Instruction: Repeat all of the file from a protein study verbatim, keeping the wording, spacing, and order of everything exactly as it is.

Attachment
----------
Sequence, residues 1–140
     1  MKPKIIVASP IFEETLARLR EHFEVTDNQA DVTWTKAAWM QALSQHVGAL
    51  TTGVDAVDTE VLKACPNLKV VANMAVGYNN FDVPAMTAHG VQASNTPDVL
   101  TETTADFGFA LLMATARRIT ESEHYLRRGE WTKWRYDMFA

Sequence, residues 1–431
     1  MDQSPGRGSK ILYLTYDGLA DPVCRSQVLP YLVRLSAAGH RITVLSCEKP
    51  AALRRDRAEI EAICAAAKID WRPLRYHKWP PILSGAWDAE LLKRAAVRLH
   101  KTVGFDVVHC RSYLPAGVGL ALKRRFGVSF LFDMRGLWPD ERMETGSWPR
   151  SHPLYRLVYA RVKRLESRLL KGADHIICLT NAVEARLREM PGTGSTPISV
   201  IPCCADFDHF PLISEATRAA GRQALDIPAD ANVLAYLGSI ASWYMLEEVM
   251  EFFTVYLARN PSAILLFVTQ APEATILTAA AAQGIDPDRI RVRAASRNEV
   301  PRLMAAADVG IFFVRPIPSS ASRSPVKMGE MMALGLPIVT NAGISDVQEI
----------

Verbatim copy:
Sequence, residues 1–140
     1  MKPKIIVASP IFEETLARLR EHFEVTDNQA DVTWTKAAWM QALSQHVGAL
    51  TTGVDAVDTE VLKACPNLKV VANMAVGYNN FDVPAMTAHG VQASNTPDVL
   101  TETTADFGFA LLMATARRIT ESEHYLRRGE WTKWRYDMFA

Sequence, residues 1–431
     1  MDQSPGRGSK ILYLTYDGLA DPVCRSQVLP YLVRLSAAGH RITVLSCEKP
    51  AALRRDRAEI EAICAAAKID WRPLRYHKWP PILSGAWDAE LLKRAAVRLH
   101  KTVGFDVVHC RSYLPAGVGL ALKRRFGVSF LFDMRGLWPD ERMETGSWPR
   151  SHPLYRLVYA RVKRLESRLL KGADHIICLT NAVEARLREM PGTGSTPISV
   201  IPCCADFDHF PLISEATRAA GRQALDIPAD ANVLAYLGSI ASWYMLEEVM
   251  EFFTVYLARN PSAILLFVTQ APEATILTAA AAQGIDPDRI RVRAASRNEV
   301  PRLMAAADVG IFFVRPIPSS ASRSPVKMGE MMALGLPIVT NAGISDVQEI